Evangelicals say the new contract “contains guarantees for freedom of religion” but also warn about its application, because “certain terms could be misinterpreted”.
French associations, including “religious associations”, wishing to receive public subsidies or approval as of 1 January have to sign the Republican Commitment Contract (CER).
The CER is one of the key measures of the “Law to reinforce the respect of republican principles”, also known as “anti-separatism law”, approved last year by the French Assembly after a controversial discussion.
It states that associations must “accept seven commitments: respect for the laws of the Republic; freedom of conscience, freedom of the members of the association; equality and non-discrimination; fraternity and prevention of violence; respect for the dignity of the person; and respect for the symbols of the Republic”.
The National Council of Evangelicals in France (CNEF), along with the Protestant Evangelical Committee for Human Dignity (CPDH), issued a statement on the issue, pointing out that “in general, the terms of the CER contain guarantees for freedom of association and freedom of conscience, thought and religion”.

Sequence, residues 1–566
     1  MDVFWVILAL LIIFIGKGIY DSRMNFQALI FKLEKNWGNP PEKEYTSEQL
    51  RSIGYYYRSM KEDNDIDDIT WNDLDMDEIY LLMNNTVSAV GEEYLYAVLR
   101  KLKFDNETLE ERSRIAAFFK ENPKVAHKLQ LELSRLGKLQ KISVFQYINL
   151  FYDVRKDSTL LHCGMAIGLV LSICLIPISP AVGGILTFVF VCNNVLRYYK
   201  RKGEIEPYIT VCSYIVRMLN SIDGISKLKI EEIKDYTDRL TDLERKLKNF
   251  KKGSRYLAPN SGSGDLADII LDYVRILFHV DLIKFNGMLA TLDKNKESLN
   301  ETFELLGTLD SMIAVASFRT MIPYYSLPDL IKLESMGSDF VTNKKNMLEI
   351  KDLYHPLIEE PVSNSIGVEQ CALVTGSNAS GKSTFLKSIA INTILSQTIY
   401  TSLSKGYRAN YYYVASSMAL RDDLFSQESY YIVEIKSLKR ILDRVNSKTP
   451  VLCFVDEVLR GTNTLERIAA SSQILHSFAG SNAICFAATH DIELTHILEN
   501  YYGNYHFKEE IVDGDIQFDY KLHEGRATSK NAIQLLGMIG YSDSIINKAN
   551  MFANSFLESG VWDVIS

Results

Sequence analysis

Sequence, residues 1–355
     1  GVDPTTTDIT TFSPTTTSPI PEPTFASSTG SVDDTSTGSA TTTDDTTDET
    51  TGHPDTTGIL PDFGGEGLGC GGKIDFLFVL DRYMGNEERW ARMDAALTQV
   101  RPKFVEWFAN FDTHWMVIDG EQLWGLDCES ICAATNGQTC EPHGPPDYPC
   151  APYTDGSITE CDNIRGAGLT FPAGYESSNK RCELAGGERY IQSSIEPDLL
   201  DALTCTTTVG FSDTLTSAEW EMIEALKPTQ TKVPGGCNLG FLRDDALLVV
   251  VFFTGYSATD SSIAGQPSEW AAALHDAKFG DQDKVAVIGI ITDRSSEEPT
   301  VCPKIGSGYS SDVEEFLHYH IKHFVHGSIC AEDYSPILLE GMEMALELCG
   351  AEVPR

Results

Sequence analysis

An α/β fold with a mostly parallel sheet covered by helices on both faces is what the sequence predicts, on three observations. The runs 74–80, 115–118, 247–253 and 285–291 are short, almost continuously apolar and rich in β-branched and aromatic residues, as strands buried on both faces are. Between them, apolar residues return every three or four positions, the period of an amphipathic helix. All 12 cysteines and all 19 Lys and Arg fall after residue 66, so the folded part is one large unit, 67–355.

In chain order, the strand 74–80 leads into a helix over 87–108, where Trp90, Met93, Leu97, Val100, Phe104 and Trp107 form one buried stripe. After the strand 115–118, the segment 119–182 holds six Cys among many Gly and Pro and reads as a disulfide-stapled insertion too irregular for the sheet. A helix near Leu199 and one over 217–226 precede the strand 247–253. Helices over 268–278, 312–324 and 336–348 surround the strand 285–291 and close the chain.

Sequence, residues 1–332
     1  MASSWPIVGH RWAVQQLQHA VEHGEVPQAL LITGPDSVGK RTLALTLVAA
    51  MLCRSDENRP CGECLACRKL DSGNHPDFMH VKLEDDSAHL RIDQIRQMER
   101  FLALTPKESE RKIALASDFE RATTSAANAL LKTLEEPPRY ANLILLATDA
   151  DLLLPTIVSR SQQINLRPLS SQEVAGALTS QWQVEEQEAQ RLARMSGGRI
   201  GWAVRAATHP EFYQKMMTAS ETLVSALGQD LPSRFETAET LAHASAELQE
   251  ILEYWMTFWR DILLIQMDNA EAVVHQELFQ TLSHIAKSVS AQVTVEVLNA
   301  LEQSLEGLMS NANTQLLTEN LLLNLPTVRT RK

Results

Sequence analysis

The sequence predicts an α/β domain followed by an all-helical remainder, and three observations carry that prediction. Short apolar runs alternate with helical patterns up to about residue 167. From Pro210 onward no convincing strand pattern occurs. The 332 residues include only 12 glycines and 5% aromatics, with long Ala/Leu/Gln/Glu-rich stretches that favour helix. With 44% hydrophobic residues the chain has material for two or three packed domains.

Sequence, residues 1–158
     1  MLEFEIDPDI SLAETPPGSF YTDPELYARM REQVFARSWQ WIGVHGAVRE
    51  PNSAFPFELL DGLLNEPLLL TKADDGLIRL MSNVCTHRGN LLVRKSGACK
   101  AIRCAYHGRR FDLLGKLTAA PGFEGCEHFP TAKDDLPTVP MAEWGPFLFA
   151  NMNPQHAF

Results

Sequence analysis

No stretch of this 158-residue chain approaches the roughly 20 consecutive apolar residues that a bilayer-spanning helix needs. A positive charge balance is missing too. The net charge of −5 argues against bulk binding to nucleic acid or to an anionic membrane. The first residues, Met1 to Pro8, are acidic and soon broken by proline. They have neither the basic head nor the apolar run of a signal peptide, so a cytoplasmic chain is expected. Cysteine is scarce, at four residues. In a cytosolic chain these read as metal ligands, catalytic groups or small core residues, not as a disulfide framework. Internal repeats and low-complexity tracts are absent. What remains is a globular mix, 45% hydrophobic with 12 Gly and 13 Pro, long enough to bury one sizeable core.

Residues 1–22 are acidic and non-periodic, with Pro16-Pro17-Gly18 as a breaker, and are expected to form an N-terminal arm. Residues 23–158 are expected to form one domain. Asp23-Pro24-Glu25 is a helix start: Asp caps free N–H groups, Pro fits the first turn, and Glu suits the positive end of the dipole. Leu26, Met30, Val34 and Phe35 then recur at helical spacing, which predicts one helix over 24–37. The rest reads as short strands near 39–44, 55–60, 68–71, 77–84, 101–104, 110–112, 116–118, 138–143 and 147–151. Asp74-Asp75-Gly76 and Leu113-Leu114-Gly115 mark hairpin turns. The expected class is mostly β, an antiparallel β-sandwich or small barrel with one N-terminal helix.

“As it stands, the text thus allows so-called denominational associations, which pursue the general or local interest, to enter the scheme, while affirming a religious identity and foundations linked to their action”, add the entities.
The evangelical representatives also “welcome commitments to fraternity and the fight against violence, as they constitute the basis of any associative contribution to the common good”.
However, the CNEF and the CPDH say they “must remain vigilant about the conditions of application and interpretation of these new measures by public authorities or administrations”.
“Certain terms such as abusive proselytism or arbitrary exclusion could be misinterpreted. The possibility of administrative appeal is not excluded if the public authorities refuse to provide financial support”, warns the statement.
That is why the evangelical entities “urge the state to pay particular attention to respecting the freedoms cherished by associations when applying this new control mechanism”.
“We call for a society of trust and not of mistrust”, the French evangelicals conclude in the statement.
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